The following article was originally published on The Washington Times.
Alabama has become the fourth state to pass legislation calling for a constitutional convention of states to limit the power and jurisdiction of the federal government.
Last week’s move made Alabama the first state to pass such legislation this year after Georgia, Florida, and Alaska which passed the Convention of States resolution in 2014.
The Convention of States efforts hinges on Article V of the U.S. Constitution, which allows Congress to propose amendments and “on the application of the legislatures of two thirds of the several states, Congress shall call a convention for proposing amendments.”
Alabama’s resolution would impose fiscal restraints on the federal government and limit the terms of office for its officials and for members of Congress.
In a statement Thursday, Terry Richmond, Alabama legislative liaison said he was “overwhelmed by the support we received from both volunteers and legislators over the past few months. The dedication, vision, and prayers of every volunteer in the state, along with the hard work and commitment of our sponsors and their staff, is what made this victory possible. The people of Alabama should hold their heads high — they’ve implemented the Founders tool to fight federal overreach, and we’re one step closer to turning a Convention of States into a reality.”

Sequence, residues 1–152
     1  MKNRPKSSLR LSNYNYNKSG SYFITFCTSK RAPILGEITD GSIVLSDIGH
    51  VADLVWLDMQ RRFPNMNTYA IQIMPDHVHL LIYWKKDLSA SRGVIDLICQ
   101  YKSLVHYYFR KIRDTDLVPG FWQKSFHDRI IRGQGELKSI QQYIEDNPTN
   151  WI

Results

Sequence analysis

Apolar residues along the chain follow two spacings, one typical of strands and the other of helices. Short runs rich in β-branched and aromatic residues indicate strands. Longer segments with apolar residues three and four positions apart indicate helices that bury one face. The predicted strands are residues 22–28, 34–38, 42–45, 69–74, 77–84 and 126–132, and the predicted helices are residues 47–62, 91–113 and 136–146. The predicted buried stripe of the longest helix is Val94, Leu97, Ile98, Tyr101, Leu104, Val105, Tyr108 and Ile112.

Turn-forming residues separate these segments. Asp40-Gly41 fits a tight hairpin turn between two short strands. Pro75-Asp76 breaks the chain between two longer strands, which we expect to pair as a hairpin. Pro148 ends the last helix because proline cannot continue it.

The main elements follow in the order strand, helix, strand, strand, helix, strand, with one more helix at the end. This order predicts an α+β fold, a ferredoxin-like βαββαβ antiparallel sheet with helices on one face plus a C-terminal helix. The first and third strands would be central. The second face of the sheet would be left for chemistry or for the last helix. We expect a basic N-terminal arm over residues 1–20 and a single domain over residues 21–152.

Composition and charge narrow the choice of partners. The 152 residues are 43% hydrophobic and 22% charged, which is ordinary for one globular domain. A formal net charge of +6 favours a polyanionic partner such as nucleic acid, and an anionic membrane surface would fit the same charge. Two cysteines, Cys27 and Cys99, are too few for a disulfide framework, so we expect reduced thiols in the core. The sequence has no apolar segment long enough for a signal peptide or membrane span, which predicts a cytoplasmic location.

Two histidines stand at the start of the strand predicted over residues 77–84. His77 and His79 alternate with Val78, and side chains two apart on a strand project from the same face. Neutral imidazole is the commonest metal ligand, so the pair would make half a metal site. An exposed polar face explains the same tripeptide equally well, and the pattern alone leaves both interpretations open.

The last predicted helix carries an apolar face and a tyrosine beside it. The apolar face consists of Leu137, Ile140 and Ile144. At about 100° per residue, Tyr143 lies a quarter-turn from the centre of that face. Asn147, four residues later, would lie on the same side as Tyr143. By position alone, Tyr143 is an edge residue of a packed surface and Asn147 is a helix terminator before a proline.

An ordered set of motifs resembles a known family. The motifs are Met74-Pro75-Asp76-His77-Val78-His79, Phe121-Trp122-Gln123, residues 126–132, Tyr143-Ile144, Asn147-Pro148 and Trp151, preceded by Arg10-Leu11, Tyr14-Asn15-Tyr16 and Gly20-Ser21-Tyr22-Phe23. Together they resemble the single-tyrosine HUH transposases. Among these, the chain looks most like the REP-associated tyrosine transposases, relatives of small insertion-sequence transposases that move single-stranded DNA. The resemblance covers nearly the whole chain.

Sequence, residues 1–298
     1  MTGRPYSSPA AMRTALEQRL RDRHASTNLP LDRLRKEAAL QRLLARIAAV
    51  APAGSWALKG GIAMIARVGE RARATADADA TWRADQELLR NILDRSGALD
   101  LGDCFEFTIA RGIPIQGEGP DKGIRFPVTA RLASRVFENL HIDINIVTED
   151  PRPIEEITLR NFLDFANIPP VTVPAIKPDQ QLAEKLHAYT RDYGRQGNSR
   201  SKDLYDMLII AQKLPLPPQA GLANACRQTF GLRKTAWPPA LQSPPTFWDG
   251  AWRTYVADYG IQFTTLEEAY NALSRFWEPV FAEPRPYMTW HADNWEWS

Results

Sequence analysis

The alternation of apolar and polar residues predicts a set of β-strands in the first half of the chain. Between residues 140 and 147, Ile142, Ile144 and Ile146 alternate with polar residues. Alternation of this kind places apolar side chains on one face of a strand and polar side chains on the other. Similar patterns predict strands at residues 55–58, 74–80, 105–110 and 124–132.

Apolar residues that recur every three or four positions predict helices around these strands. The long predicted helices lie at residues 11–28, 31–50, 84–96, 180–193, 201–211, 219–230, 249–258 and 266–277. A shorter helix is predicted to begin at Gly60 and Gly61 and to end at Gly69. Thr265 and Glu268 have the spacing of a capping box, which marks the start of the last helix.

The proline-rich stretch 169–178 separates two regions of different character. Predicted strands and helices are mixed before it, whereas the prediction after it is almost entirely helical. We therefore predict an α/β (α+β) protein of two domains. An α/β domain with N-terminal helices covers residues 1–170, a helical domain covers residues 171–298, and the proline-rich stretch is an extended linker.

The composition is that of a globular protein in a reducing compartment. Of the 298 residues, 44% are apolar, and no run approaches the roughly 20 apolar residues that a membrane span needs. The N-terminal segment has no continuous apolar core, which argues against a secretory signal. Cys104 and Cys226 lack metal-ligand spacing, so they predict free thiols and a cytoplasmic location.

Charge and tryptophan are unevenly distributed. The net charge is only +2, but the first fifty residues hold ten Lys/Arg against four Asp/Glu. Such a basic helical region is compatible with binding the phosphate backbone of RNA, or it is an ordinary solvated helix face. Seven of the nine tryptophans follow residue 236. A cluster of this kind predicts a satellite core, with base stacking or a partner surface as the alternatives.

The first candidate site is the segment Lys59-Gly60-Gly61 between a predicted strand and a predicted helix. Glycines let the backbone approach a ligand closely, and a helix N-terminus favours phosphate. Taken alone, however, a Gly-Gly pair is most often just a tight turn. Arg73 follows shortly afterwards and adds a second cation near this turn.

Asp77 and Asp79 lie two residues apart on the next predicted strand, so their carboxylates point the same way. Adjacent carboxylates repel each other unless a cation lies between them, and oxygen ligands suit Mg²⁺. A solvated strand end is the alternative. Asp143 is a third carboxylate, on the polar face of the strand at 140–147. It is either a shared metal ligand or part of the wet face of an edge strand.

Convention of States co-founder Mark Meckler said “The citizens of the great state of Alabama have stepped up and joined the movement to tell the federal government to back off by passing the Convention of States resolution by overwhelming majorities. Legislation is pending in many other states, with Texas and Kansas next in line. The citizens are speaking; it’s time for the states to put the federal government back in the box.”
Legislatures in 36 states have constitutional convention resolutions now making their way through committees and other parts of the legislative process.
At least 34 states, or two-thirds, must pass applications for a convention and ultimately would need a sign-off from Congress to hold a convention. Thirty-eight states must then ratify any amendment proposals coming out of such a convention.